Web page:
Progressive education bears some of the blame for the rise of Donald Trump, argues Sol Stern in the Daily Beast.
He starts by quoting the conclusion of Dover Beach, an 1861 poem by Matthew Arnold, who was Britain’s chief school inspector, as well as a poet and cultural critic.
And we are here as on a darkling plain
Swept with confused alarms of struggle and flight,
Where ignorant armies clash by night.
Arnold “scorned the individualistic, child centered, and haphazard pedagogy prevalent in British schools at the time,” writes Stern. He “proposed that government schools be required to teach a core curriculum of liberal, humanistic studies similar to the French schools he had come to admire.”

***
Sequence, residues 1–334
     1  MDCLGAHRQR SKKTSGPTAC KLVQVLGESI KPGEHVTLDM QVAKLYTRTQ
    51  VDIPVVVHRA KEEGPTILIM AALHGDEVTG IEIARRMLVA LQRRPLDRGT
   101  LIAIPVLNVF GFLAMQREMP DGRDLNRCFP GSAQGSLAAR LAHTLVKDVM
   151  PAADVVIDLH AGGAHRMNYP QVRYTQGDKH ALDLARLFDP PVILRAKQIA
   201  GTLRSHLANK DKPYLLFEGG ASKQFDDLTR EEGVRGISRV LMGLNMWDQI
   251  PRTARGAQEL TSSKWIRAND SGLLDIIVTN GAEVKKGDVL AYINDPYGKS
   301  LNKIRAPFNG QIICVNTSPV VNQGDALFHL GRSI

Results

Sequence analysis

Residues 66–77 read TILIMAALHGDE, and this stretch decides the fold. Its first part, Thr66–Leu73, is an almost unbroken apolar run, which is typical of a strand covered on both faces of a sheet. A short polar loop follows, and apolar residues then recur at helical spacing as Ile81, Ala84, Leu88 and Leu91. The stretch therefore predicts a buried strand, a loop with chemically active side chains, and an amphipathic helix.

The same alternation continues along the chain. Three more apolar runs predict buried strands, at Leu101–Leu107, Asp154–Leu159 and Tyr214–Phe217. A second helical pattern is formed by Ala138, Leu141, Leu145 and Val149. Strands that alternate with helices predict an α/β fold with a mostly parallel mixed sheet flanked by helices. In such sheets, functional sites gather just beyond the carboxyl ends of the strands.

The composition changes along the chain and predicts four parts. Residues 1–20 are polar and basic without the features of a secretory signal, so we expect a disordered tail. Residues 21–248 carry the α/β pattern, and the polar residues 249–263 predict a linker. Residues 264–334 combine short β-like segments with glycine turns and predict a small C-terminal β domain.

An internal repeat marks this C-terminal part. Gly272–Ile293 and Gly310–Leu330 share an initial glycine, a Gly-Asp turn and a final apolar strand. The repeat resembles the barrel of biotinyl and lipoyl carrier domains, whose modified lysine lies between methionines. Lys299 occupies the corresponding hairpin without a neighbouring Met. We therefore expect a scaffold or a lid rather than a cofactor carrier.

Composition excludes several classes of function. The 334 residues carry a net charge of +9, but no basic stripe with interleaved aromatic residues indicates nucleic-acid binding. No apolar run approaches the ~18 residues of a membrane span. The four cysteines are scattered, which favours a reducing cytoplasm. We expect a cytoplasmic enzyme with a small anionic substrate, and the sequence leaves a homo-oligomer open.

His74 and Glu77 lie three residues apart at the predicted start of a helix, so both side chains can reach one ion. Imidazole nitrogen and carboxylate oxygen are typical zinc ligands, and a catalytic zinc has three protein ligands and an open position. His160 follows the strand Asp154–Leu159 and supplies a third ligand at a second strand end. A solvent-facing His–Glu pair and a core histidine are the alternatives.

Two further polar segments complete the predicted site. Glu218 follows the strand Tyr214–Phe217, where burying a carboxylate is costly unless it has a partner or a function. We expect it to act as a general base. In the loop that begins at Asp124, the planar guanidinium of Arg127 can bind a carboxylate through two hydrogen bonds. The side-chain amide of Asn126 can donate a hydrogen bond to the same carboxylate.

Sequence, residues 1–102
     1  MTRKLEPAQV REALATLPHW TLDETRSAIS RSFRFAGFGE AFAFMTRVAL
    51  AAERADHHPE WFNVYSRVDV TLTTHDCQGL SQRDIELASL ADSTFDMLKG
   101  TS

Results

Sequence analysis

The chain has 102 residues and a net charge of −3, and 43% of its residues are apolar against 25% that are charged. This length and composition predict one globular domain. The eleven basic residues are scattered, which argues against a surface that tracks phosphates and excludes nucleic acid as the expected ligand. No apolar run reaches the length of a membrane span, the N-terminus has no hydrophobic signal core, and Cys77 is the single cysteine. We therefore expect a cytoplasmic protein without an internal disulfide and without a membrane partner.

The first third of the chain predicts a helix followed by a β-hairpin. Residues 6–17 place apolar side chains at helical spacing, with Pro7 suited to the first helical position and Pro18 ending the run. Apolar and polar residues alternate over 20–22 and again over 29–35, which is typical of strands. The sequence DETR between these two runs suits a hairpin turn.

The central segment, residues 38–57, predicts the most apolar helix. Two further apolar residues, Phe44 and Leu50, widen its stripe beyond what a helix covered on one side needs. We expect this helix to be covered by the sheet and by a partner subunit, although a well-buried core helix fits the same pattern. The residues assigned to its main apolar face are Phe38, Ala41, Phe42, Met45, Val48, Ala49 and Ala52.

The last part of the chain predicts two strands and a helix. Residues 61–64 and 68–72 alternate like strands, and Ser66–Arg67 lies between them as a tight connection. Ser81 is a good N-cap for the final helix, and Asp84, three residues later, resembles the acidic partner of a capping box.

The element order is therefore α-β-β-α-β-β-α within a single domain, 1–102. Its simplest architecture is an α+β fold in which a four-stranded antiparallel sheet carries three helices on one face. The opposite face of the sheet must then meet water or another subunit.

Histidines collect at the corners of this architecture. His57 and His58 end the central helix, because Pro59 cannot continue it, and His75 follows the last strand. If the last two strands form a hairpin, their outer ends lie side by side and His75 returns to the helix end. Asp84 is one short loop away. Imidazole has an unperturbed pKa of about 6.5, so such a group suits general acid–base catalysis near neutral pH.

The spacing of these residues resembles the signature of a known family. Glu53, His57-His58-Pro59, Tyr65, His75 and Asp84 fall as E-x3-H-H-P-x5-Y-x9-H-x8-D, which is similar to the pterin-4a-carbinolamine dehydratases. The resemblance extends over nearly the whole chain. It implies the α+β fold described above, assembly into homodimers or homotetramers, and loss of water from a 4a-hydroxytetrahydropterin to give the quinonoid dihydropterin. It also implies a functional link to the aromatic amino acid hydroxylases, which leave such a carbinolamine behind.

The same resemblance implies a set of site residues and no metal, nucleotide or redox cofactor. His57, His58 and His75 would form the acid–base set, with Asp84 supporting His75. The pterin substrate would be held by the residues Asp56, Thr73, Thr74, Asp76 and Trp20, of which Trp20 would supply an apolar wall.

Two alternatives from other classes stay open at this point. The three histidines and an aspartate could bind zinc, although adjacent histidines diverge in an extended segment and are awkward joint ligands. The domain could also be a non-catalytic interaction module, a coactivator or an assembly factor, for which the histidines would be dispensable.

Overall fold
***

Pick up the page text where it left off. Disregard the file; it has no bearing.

The primary aim of education in an industrial democracy, Arnold believed, was to introduce all children—rich and poor alike —to the achievements of western civilization and culture, which he famously defined as “the best which has been said and thought.”
A half century ago, U.S. “progressives” began “stripping away any semblance of a coherent grade-by-grade curriculum,” writes Stern. That has disrupted “the transmission of civic values and traditions from one generation to the next.”
“History” classes focus on “hot-topic social issues” rather than reading historical texts or remembering historical dates, figures or events, writes Esther Cepeda, a teacher and parent.
. . . most students on the last NAEP civics test could not correctly answer questions about checks and balances or understand the policy implications of a trend using a graph. And they’re supposed to someday understand the implications of our current reality-TV presidential election?
“There’s a lot of overtly anti-American ‘American History’ instruction going on in public schools,” she concludes.